The demonstrations of the 1960s and '70s, however, are a reminder that Pride has always been about resistance. A lot has changed in the 50 years since Los Angeles's LGBT community first fought back against police violence, but queer and transgender people are still fighting for their basic civil liberties -- and even their lives.
The Resist March began by accident. On January 26, Brian Pendleton, a Los Angeles activist and philanthropist, saw the news that there was going to be an Equality March on Washington, D.C., June 11, the same day as L.A. Pride. The idea that the East Coast would be marching for LGBT equality while the parade was business as usual on the West Coast "didn't sit right" with him, Pendleton tells The Advocate.
"Parades are for progress, and we're not really feeling that right now," he says.
Pendleton posted to his Facebook page that day that instead of holding a parade, he would like to see Los Angeles march for human rights. His social media posts, Pendleton explains, usually get "about 50 likes." But this one went massively viral, amassing over 30,000 likes within the week. That excitement spread like wildfire. Within a matter of weeks, Christopher Street West announced the new format of the parade, and Pendleton was put in charge of organizing it. His kitchen was suddenly full of friends, activists, and community organizers tasked with radically rethinking what Pride looks like under Donald Trump.
Typical parades are contained to the heavily LGBT city of West Hollywood, but the Resist March this Sunday will begin outside the Dolby Theater in Hollywood. (West Hollywood is an independent city; Hollywood is a neighborhood of Los Angeles.) Instead of watching the action from the sidelines, Pendleton wants attendees -- expected to number as many as 100,000 -- to march the three miles to West Hollywood with the crowd.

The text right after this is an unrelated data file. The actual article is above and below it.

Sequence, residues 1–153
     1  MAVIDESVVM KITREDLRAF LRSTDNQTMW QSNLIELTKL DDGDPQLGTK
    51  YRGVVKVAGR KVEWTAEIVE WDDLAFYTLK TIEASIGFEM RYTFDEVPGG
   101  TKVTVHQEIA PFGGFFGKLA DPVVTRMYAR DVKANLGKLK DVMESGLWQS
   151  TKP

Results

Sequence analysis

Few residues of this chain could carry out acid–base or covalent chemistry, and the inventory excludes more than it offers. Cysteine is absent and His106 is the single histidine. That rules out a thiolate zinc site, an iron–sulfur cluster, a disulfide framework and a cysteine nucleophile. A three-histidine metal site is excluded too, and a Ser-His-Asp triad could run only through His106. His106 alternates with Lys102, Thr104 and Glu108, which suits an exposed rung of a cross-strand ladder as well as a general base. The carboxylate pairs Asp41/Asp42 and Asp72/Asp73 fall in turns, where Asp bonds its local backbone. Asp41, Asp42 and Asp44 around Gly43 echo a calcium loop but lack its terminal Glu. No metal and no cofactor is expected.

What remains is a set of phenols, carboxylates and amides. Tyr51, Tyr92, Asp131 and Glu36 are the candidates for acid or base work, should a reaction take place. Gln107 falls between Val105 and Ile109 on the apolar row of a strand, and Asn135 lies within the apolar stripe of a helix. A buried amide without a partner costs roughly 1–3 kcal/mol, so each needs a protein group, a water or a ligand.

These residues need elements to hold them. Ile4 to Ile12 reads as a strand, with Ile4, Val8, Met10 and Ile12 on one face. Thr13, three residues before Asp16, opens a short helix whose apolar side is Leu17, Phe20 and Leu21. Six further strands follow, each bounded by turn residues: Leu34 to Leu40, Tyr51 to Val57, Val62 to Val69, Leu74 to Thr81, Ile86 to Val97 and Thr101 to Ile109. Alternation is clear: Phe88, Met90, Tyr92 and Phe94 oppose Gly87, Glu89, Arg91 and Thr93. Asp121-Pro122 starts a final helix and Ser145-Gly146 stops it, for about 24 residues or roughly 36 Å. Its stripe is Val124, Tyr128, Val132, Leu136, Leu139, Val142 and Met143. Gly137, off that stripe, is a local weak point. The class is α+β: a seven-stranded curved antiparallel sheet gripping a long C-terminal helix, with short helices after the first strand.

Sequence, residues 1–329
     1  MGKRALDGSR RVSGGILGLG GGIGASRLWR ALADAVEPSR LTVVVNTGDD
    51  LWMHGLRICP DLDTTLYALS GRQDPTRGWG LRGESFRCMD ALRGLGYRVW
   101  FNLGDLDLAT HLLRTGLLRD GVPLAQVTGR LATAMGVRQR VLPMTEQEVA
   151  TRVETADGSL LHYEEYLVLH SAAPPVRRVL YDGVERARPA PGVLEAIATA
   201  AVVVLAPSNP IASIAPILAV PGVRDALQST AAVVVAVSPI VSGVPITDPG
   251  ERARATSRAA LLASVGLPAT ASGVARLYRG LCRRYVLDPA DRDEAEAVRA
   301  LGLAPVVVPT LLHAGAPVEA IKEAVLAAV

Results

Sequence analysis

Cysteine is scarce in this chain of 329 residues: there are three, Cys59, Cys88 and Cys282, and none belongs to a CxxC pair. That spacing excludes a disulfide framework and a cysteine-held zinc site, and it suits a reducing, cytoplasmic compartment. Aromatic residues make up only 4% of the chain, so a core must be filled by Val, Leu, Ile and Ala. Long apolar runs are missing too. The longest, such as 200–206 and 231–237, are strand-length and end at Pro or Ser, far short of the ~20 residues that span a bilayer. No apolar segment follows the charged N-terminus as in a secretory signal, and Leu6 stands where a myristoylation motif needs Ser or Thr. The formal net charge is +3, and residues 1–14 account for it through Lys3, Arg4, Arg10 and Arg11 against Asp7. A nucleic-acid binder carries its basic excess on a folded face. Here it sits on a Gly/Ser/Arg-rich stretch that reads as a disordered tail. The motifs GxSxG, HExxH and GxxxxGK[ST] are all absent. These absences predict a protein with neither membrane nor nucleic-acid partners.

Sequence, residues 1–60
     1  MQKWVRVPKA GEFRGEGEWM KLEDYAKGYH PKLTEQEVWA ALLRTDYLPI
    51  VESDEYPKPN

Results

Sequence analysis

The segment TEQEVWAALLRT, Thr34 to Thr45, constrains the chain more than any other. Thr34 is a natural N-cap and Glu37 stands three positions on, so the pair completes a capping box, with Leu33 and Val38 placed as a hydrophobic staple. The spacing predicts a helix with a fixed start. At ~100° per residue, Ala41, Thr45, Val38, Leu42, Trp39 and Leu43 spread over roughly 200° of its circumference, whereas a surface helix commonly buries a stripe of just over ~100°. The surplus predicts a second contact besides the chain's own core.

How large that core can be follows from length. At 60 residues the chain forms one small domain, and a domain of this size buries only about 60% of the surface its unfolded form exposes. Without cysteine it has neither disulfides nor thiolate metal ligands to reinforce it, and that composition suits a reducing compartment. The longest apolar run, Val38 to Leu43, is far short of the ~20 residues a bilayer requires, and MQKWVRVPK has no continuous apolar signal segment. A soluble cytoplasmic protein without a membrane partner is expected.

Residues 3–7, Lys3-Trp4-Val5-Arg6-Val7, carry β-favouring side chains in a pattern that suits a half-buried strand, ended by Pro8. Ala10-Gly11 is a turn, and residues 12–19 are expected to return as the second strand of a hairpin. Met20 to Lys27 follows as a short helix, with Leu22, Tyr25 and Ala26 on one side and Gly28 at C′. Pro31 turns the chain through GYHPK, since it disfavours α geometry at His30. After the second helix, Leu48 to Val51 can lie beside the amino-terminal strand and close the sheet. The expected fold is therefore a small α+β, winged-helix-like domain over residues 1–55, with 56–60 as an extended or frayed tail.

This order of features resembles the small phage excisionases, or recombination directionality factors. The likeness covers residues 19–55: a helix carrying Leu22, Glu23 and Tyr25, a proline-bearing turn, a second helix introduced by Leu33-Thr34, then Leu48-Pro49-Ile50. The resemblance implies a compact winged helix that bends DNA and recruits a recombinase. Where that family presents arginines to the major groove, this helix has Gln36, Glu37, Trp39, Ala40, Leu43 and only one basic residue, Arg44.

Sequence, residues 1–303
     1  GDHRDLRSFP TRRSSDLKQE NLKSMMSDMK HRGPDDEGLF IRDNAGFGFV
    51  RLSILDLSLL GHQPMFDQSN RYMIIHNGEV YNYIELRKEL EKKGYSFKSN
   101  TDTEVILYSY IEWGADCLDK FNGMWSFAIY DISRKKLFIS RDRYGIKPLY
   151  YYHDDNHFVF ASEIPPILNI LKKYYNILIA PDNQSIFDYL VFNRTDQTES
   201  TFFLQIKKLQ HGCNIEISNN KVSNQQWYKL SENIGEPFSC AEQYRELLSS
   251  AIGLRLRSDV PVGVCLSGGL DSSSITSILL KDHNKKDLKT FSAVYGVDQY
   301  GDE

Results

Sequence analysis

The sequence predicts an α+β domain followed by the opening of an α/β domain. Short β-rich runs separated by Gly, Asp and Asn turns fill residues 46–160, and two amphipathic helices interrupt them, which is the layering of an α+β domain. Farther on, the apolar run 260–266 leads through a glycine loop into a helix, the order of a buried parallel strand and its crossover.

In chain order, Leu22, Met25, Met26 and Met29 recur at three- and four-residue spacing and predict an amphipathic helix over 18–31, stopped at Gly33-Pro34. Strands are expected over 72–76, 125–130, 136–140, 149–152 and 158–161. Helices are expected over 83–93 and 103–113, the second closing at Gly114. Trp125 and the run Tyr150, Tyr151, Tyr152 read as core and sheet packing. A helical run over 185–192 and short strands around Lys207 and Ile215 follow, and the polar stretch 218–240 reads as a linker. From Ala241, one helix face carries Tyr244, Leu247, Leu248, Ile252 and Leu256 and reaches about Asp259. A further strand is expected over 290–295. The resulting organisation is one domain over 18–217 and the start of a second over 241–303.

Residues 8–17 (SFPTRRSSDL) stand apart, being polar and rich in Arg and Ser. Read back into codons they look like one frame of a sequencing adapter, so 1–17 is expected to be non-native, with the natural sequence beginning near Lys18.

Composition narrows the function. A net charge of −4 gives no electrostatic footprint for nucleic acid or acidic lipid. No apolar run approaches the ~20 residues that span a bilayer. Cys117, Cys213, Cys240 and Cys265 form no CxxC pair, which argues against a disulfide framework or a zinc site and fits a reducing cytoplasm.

The starting point has a special significance for Los Angeles's LGBT population: It's where the first Pride parade took place in 1970.
Pendleton said that as the current administration attempts to rollback the community's rights, it's only fitting to return to Pride's roots. Since Trump's inauguration in January, his administration has consistently chipped away at protections for queer and trans people, whether it's LGBT workplace protections, data collection on seniors and homeless youth, or affirming treatment for trans students. Most recently, Secretary of Education Betsy DeVos said it wasn't the federal government's job to protect LGBT youth from bullying and harassment in the classroom.
"In 1970, we had to fight in court to get a permit to have the first L.A. Pride," Pendleton said. "We're fighting different battles, but it's sad to me that from 1970 to 2017, we're still having to fight. We resisted then and we're resisting now."
Rev. Troy Perry, one of the organizers of the inaugural parade, says the city had some impossible demands before giving its permission for a Pride event. Organizers would have to put up $1.5 million in bonds. That money, police said, was intended to cover any expense from windows being broken "when people start throwing rocks" at the marchers, as well as the cost of paying overtime for officers assigned to the event. But Perry says the words of the police chief, Edward M. Davis, was the most damning of all.